Protesters march in Paris as fuel shortages add to anger over inflation


Paris (AFP) — Three weeks into a refinery strike that has caused fuel shortages across the country, thousands of protesters are set to march in Paris on Sunday, adding to a growing picture of defiance and anger about inflation.

The demonstration on Sunday has been called by left-wing political parties, backed by hundreds of associations, which are seeking to build on the momentum created by the refinery standoff.

“You can see that this movement is starting to spread,” the parliamentary head of the left-wing France Unbowed party, Mathilde Panot, told franceinfo radio.

“You can see it in the nuclear sector. Truck drivers have announced a stoppage on Tuesday, and lots of other sectors are starting to join them,” she added.

Several French unions, but not all, have announced a national day of strikes on Tuesday that is expected to affect road transport, trains and the public sector.

French energy giant TotalEnergies said last Friday that it had reached a pay deal with the two largest unions representing staff at its four refineries, raising hopes of an end to the standoff.

But the famously militant CGT union has refused to accept it, with its members continuing to maintain picket lines.


Budget Minister Gabriel Attal denounced the continuation of the strike on Sunday as “unacceptable”.

“Of course there’s a right to strike, but at some point the country needs to be able to work,” he told French media.

Staff at two other refineries owned by the US group Esso-ExxonMobil returned to work at the end of last week, but operations there will need two-to-three weeks to return to normal, the company said.

Around a third of petrol stations around the country have supply problems, particularly those around Paris and in the north, meaning drivers are often waiting hours to re-fuel.

Many companies have cut back on travel and deliveries, while even emergency service vehicles are facing supply problems.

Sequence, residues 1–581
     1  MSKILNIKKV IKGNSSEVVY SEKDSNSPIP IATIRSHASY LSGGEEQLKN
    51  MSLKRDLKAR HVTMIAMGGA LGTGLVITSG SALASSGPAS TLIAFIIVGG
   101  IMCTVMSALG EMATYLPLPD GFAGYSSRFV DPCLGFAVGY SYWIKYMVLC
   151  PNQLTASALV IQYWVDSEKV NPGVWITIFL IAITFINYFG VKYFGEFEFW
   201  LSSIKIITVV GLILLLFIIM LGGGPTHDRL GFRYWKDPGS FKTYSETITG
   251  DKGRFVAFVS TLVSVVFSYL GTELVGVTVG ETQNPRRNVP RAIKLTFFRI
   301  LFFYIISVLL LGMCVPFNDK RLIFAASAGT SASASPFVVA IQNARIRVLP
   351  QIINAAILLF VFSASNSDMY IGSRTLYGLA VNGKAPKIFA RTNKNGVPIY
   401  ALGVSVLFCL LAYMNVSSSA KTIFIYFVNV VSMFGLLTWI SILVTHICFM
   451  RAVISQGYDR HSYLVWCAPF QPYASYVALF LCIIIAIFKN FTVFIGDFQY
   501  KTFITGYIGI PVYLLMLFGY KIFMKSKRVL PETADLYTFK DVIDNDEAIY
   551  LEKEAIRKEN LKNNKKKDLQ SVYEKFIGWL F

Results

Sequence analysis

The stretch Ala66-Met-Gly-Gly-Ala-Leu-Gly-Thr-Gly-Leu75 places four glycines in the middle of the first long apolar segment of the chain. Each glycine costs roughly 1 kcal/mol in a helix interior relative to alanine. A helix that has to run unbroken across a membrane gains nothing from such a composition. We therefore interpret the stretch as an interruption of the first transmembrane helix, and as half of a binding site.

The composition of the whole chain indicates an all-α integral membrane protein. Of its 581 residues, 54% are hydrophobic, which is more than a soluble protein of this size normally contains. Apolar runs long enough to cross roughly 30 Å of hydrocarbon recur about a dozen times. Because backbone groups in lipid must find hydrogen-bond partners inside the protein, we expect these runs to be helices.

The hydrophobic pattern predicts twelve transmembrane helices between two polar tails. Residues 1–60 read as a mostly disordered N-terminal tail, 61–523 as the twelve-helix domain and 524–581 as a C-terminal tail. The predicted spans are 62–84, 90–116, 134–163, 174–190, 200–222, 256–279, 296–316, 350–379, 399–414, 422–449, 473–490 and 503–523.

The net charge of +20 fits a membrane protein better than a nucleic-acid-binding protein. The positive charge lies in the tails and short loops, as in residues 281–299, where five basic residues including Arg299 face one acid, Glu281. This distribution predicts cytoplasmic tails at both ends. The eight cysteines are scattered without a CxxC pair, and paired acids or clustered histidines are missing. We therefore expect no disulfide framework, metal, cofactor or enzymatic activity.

Last week, the government invoked emergency powers to compel some striking fuel depot workers to return to their jobs in order to release fuel stocks stuck inside blockaded facilities.

This incensed the CGT, which said the move was evidence of the “dictatorship” of French President Emmanuel Macron.

The huge profits by energy groups due to record fuel prices has led to some sympathy for employees pushing for higher wages.

But one poll by the BVA polling group released Friday, suggested that only 37 percent of people supported the stoppages.

Pension reform 

Sunday’s protest march through Paris was called by France Unbowed party and is backed by its coalition allies — the Greens, Socialists and Communists.

Recently named Nobel literature prize winner Annie Ernaux and another 60 figures from the arts and public life also called for people to join the march in a joint letter last week.

The main objective is to draw attention to the plight of workers struggling with higher costs — French inflation is around 6.0 percent — as well as denounce inaction on climate change.

Police are expecting around 30,000 people to attend, with one source saying they feared problems from anarchist groups which regularly clash with security forces on the sidelines of French protests.

“The organiser has been warned of these fears,” said the official.

The scale of the protests and strikes in the coming months could have an impact on the government’s ability to push through a highly controversial change to the pensions system.

Macron, who won re-election in April, has pledged to push back the retirement age from 62 to bring France into line with its European peers.

But the idea is fiercely opposed by trade unions and leftwing parties.

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